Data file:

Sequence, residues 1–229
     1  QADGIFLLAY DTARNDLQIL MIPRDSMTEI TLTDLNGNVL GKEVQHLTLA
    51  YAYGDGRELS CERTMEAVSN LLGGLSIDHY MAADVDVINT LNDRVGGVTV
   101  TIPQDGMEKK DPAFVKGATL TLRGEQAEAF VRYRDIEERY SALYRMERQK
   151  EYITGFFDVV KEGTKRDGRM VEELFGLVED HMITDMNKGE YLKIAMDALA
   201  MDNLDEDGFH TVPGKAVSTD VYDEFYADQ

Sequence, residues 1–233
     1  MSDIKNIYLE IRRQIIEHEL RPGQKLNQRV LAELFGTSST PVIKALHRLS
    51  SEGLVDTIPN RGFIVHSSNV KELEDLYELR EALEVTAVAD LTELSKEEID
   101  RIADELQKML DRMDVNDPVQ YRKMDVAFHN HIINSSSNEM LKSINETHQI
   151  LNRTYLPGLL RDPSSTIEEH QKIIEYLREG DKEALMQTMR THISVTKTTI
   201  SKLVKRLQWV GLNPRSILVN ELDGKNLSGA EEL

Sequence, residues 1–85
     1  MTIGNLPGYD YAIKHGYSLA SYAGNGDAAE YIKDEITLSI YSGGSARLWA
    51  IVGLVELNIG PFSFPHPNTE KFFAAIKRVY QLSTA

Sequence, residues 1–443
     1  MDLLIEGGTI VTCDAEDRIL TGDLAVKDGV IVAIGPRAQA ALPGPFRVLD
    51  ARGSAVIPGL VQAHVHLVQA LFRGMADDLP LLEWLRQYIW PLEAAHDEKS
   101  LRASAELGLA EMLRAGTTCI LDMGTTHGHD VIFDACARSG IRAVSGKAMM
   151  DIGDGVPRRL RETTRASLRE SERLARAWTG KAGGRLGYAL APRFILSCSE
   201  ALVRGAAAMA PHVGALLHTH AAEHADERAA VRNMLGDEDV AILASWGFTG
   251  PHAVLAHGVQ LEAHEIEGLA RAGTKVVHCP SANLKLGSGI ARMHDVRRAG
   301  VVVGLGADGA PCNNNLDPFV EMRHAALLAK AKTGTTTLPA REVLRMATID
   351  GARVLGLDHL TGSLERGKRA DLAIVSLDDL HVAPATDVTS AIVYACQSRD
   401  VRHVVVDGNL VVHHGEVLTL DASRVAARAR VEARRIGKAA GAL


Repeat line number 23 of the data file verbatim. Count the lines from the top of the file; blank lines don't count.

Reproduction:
   301  VVVGLGADGA PCNNNLDPFV EMRHAALLAK AKTGTTTLPA REVLRMATID